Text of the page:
Visualization research benefits from both positivist and interpretivist perspectives, though the latter gets little consideration in design study reporting. This is a shortcoming, as a core aspect of applied visualization research is understanding people and their (data) problems. We rely on the perspectives of our domain analysts to understand the problem space. A space that is constantly shifting as we learn more about the domain. The process of visualization tool development is subjective and indeterminate, resulting in a solution that is not objectively right or wrong.

Design studies are typically evaluated by the resulting tool or technical contribution, and reviewers tend to ask for generalizable contributions. There is little focus or scrutiny on the messy, subjective process that leads to the tool. A process that is filled with a multitude of valuable insights that never see the light of day under the traditional structure of reporting on design studies.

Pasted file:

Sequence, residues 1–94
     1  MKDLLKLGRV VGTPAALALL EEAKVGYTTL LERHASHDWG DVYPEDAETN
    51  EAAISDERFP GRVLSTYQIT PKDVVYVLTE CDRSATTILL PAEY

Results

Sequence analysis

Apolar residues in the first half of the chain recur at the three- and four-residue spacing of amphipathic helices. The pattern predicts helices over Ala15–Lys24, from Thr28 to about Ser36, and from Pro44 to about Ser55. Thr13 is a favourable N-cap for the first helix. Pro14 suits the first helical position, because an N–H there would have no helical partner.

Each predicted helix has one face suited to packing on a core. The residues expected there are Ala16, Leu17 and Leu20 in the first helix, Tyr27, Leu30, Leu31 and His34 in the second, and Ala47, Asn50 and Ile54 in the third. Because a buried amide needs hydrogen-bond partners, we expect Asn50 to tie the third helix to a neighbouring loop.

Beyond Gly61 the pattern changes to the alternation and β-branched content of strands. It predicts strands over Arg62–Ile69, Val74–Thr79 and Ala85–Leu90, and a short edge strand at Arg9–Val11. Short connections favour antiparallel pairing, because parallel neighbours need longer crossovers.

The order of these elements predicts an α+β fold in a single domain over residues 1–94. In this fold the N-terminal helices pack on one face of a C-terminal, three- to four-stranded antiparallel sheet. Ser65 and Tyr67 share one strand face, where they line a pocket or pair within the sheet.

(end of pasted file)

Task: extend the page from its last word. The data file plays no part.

An interpretivist approach emphasizes rigor in the methodology used. In recent work, Meyer and Dykes defined criteria for rigor in applied visualization research. We focused on three of these criteria (REFLEXIVE, ABUNDANT, TRANSPARENT) in our most recent design study with evolutionary biologists. By focusing on these criteria, we were able to engage with the design study in new ways resulting in two technical contributions, two experimental writing techniques, and three methodological insights.

We pose these questions to the greater community – what could an interpretivist perspective do for your work? What insights could it afford? Could it establish a more rigorous outcome? And we present some guidelines for how to conduct and interpretivist design study.

Recommendations for conducting an interpretivist design study: